Pros: Good family car. Economical & nice ride. Good fuel mileage.
Cons: Spongy suspension, but the basic sedan is not a sports car.
I have owned a lot of cars dating back to a 69 Pontiac Catalina, and this is the best car I have owned to date. Replaced a 99 Malibu and what an improvement. Took this car on a 2600 plus mile trip across the Plains and through the Rocky Mountains at 12,000 feet plus elevations and this car was great. This included some very winding and steep hills. On our final day, we drove 866 miles straight with only a couple of quick rest stops. This was not all interstate driving either. Large share was two lane winding 55 mph driving. We could do this because the car is so comfortable to drive and ride in. Other cars that I have had in the past rode so rough that you never would want to attempt that many miles.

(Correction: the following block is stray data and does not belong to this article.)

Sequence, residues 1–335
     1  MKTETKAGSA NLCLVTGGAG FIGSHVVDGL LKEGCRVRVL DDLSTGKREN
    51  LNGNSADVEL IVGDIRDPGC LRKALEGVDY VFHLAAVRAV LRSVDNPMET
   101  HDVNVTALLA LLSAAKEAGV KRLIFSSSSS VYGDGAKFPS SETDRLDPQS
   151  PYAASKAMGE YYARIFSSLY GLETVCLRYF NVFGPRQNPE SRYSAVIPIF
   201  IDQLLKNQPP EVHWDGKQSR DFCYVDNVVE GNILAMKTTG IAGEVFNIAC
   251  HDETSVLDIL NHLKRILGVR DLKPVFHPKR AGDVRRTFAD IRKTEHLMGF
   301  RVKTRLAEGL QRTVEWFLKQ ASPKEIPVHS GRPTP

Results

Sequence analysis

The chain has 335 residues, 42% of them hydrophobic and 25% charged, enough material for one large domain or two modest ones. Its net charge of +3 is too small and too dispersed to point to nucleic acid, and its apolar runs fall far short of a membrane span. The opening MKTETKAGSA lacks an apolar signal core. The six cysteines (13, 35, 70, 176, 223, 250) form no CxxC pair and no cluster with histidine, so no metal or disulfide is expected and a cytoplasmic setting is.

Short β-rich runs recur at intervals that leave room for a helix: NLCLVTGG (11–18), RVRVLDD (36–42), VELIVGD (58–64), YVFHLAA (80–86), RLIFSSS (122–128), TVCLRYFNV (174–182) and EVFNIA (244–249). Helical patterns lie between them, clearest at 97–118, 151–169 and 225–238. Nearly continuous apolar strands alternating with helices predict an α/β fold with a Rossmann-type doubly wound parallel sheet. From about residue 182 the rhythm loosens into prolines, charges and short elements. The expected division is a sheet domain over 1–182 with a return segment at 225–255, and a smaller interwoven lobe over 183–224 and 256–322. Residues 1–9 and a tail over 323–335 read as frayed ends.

My Impala is a standard sedan, not an LS, but I equipped it with the Aluminum Wheels, 4 Wheel Anti-Lock Brakes & Traction Control, and my favorite option, bucket seats with the floor console instead of the old style transmission shift lever on the steering column. This option provides a much better positioned and larger arm rest position than the standard 60/40 bench seat Fuel mileage is 33 mpg with the standard 3.4L V6 and this engine is quite adequate in acceleration. Transmission is smooth shifting. This Impala forfeits handling in the corners for a soft ride. The Impala SS should be the opposite. The Impala share the same frame as the Monte Carlo, but when I tested a Monte, my 6 ft 2 in height was very uncomfortable as my head was touching the ceiling. My 99 Malibu was a better handling car, but it was much nosier and the 3.1L only gave me 28 mpg. I spent a week in a new Ford Taurus and that car rode nice and good acceleration, but the handling was even spongier and cumbersome than the Impala. To be fair to the foreign competition, I have never been in a Honda or a Toyota as there are no dealers nearby.